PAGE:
Older adults with end-stage kidney disease who start dialysis—a treatment that keeps their blood free of toxins—appear to die at higher rates than previously thought, according to findings of a new study by researchers at Harvard Medical School, Brigham and Women’s Hospital, Veterans Affairs Boston Healthcare System and Icahn School of Medicine at Mount Sinai, among other institutions.
More than half of older adults who started dialysis died within a year of beginning treatment, according to the research, and nearly one in four succumbed to the disease within a month of doing so. Results of the analysis are published April 22 in JAMA Internal Medicine.
More than 120,000 people in the United States started dialysis in 2015, half of them older than 65. Dialysis, which involves the use of a machine to purify a patient’s blood from toxins, is commonly used as a treatment for end-stage kidney disease. For some, dialysis is a bridge to kidney transplantation, but the majority of dialysis patients, particularly those who are older, do not get kidney transplants.
The newly reported death rates are almost twice as high as widely cited statistics from government data sources, a finding that suggests physicians and patients may be basing treatment decisions on overly optimistic survival estimates, the researchers said.
“Dialysis can seem like a magical cure for someone whose kidneys are failing, but our finding that half of older adults die within the first year after starting dialysis is sobering,” said lead author Melissa Wachterman, an assistant professor of medicine at Harvard Medical School, and a physician at VA Boston.
“When time is short, how you spend that time becomes even more important,” she said. “Spending the better part of three days a week doing dialysis may not be the right choice for everyone and people should factor this new evidence into their decisions.”
The results are based on an analysis of a small but representative sample of national outcomes data among Medicare patients, 65 and older, who started receiving dialysis between 1998 and 2014.
The sample included outcomes for 391 such patients. Of those, 68 were 85 years of age or older, 89 required assistance with daily activities and 267 had four or more major medical problems. Of the 391 patients in the analysis, 286 (73 percent) started dialysis in the hospital rather than on outpatient basis.
Nearly 23 percent of patients (88 people) died within a month of starting dialysis. Nearly 45 percent (173 people) died within six months, and nearly 55 percent (213) died within the year.
The study also reveals higher death rates among several groups: those over age 85, those who had four or more major medical problems in addition to kidney failure, those who started dialysis in the hospital, and those who, even before starting dialysis, needed help from other people with basic tasks of daily living such as eating or bathing.
The most common source for mortality statistics for patients on dialysis is the U.S. Renal Data Registry (USRDS), maintained by the National Institutes of Health, which shows a mortality rate of approximately 30 percent among older adults starting dialysis. However, this source only includes patients well enough to receive dialysis outside of the hospital.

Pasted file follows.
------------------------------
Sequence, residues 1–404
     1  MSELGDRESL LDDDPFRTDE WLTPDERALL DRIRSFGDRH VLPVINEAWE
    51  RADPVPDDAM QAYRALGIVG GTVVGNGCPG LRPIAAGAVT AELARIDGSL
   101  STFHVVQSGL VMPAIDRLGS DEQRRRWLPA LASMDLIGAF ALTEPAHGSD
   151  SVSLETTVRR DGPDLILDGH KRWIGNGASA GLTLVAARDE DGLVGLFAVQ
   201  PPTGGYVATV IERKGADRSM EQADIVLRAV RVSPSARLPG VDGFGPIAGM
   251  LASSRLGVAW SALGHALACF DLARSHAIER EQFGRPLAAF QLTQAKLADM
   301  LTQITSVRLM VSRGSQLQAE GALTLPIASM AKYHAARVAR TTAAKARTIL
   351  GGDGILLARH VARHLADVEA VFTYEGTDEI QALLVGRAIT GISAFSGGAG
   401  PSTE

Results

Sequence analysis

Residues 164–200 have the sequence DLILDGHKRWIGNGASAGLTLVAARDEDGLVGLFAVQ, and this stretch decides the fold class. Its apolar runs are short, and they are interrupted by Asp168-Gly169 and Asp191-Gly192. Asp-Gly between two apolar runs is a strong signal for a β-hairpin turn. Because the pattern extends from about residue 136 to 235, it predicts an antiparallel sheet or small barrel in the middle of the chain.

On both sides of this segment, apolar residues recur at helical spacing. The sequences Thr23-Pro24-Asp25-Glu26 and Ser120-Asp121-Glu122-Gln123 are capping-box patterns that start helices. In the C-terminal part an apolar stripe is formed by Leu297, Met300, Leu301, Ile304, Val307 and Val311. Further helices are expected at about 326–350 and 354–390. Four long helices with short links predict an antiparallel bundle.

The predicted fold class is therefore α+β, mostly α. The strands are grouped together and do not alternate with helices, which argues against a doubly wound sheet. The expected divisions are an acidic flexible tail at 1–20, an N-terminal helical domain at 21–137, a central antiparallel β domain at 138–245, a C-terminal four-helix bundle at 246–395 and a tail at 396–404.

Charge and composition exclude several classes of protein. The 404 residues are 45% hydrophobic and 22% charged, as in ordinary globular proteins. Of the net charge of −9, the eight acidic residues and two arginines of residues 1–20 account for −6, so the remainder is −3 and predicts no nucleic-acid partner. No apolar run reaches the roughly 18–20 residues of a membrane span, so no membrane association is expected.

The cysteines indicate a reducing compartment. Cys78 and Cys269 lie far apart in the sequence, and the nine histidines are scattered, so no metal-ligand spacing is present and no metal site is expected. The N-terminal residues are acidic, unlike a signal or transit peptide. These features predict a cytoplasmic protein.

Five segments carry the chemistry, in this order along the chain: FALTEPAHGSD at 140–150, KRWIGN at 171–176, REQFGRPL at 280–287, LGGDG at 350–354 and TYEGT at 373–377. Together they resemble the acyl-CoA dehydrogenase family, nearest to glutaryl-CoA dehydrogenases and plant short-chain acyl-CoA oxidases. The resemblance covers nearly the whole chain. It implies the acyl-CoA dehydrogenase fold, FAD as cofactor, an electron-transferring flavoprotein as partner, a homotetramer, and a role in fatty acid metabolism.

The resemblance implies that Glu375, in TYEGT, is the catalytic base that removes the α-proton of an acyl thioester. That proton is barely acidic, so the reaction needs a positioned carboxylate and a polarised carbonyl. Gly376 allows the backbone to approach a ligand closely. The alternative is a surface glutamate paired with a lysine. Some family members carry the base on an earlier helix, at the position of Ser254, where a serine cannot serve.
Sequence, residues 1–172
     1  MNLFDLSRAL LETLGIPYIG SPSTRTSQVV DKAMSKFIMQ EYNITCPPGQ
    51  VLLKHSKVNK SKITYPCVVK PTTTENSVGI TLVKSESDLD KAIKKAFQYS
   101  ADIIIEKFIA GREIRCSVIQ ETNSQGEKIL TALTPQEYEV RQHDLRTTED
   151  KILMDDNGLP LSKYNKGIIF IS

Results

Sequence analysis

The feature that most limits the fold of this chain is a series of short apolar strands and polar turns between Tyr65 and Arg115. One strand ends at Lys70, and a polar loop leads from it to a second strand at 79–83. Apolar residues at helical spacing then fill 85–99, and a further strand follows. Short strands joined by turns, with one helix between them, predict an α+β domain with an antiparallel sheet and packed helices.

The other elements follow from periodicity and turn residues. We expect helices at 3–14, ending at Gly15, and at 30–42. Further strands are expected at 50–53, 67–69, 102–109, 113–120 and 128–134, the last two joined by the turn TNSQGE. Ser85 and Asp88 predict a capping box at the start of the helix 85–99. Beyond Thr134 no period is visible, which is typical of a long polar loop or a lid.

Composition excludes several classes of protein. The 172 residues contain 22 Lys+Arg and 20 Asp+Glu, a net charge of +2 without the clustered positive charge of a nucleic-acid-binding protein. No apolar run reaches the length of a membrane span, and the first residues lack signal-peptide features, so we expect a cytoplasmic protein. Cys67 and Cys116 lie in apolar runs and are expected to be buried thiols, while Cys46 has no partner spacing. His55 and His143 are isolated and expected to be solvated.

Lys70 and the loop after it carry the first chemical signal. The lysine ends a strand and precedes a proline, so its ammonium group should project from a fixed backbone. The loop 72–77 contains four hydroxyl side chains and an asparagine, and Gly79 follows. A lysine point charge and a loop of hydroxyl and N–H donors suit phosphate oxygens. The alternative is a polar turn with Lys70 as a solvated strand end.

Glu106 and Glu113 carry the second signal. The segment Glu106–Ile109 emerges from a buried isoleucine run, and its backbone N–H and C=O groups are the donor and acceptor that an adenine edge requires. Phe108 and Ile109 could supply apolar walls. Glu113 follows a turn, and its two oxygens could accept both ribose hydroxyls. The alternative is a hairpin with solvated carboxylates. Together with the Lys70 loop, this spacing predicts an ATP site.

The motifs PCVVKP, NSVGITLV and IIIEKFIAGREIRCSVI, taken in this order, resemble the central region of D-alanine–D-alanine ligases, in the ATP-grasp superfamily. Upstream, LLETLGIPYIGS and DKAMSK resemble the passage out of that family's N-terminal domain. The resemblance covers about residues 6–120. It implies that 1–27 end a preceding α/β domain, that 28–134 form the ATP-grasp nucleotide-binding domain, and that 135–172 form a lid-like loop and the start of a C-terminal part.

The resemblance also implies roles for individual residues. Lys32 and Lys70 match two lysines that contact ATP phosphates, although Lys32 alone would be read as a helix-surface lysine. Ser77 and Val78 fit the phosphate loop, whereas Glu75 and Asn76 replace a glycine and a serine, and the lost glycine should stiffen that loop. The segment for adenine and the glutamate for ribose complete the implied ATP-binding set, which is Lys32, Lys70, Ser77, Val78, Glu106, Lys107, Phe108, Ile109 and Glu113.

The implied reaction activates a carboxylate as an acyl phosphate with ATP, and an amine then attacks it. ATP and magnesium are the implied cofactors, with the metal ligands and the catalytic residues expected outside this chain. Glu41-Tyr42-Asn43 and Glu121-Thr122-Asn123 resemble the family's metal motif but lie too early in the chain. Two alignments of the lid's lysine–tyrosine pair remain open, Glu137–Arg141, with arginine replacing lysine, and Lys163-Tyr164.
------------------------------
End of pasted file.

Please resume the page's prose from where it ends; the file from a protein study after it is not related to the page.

In reality, almost three-quarters of patients start dialysis in the hospital and some do not survive long enough to make it to outpatient dialysis, the researchers said. The new analysis includes outcomes among such hospitalized individuals. Including hospitalized dialysis patients in the final tally boosted the previously reported death rates to more realistic levels, Wachterman said.
The researchers said their findings should help older patients, their families and the physicians who treat them make better-informed choices based on more realistic outcomes.
Contrary to a popular belief among many patients, dialysis is not the only choice for end-stage kidney disease, Wachterman noted. Another approach to managing kidney failure is conservative care in which patients receive medications and other therapies to relieve the symptoms of kidney disease, without starting dialysis.
People generally don’t live as long, but they can avoid the burden and potential harms of dialysis, the researchers said. This conservative approach to care, which focuses on aggressive management of symptoms such as pain and trouble breathing, is well-established in the United Kingdom and other countries, but, generally has not been developed as a common model of care in the U.S.
“The goal in difficult clinical situations like this is shared decision-making, where patients and clinicians can work together to make choices that best balance patients’ goals and values with the objective medical evidence,” Wachterman said.
“We may have been painting an overly rosy picture for some patients as to what things will look like after starting dialysis,” she said. “We hope this new evidence can help patients and families cope with what lies ahead and empower them to make informed treatment decisions that are most aligned with their goals and preferences.”
This study was supported by grant funding from the National Institute on Aging and the National Palliative Care Research Center.
Co-investigators included Ann O’Hare, Omari-Khalid Rahman, Karl Lorenz, Edward Marcantonio, Gabrielle Alicante and Amy Kelley.
Image: iStock/Mohammed Haneefa Nizamudeen